The first game to receive a great deal of negative feedback for their egregious use of MTX and loot boxes was Middle Earth: Shadow of Mordor. Released in 2017, the game contained four different loot boxes, giving different gear according to the price of each box. In a game that was predominantly single-player focused, the introduction of loot boxes left a very bad taste any many player’s mouths. The audience turned against their game, and eventually forced the developers of the game, Monolith Entertainment to completely remove any form of MTX from the game in an attempt to appease players. However, the damage had been done, and gamers were starting to wise up to the games industry and its practices.

Turning the tide

The later months of 2017 was a turning point for the games industry, with the keystone being the fiasco of Battlefront 2. Discussed in the introduction, Battlefront 2 was a colossal mistake for EA. The game itself felt designed around the economy of buying loot boxes. While people expected these predatory consumer practices from mobile games that served only to suck money, people were incensed to realize that a game they had already spent a chunk of money on required even more money to really enjoy. When players voiced their displeasure, EA dug itself deeper, with their comments appearing shallow. One developer comment on the Battlefront 2 sub-reddit which was in response to the controversy was so badly received, it became the most downvoted comment in reddit history. It was clear that the community had enough. EA was forced to temporarily remove MTX from the game, only adding them back when they were confident it wouldn’t affect gameplay.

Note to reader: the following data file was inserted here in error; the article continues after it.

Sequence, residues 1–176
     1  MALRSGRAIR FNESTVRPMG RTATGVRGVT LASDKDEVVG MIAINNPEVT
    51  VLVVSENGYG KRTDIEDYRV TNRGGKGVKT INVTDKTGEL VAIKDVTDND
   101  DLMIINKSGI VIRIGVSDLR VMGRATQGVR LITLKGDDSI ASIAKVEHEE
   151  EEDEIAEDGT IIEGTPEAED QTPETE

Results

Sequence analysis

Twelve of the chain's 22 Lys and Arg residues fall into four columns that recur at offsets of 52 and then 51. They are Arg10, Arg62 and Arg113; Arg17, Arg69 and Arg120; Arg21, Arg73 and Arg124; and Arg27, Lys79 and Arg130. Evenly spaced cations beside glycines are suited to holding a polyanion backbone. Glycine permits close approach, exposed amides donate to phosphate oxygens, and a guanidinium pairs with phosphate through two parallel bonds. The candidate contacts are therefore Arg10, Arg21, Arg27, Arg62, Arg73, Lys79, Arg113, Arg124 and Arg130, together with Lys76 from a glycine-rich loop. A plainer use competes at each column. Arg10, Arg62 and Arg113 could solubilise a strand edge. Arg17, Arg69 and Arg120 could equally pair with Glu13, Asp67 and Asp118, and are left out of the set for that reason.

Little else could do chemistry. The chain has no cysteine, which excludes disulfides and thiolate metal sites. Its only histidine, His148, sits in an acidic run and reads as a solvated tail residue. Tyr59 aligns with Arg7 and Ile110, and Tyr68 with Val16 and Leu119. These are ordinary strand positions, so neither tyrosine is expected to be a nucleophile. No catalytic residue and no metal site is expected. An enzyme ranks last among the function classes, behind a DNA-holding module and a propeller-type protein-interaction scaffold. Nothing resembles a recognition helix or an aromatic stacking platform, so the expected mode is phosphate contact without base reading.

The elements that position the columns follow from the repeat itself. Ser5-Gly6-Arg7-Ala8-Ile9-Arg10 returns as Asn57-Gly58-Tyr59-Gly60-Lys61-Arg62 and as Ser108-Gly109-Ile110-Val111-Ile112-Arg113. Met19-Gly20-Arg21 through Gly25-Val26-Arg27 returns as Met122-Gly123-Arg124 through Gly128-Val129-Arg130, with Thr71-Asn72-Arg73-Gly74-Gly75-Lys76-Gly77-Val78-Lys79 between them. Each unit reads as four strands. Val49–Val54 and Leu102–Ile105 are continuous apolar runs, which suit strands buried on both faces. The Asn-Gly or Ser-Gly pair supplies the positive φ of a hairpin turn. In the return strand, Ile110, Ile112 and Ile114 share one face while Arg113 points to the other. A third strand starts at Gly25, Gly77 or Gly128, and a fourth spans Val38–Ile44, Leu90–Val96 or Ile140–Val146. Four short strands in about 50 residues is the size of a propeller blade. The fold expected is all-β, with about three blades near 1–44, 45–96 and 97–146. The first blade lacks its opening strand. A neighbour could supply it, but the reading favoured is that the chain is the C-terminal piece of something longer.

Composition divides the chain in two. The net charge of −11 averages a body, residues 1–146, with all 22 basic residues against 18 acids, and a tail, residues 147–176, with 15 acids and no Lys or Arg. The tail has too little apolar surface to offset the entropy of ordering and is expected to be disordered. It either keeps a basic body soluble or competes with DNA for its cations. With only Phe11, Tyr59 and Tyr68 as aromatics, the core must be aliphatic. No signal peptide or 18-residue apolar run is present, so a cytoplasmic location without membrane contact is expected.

On a smaller scale, games like NBA 2K18 and Destiny 2 received backlash from their audience due to their blatant use of MTX in their products. NBA 2K18 in particular received overwhelmingly negative reviews by the public, with the main complaints being that in order to even enjoy the game, one would need to drop even more money.

State of the Game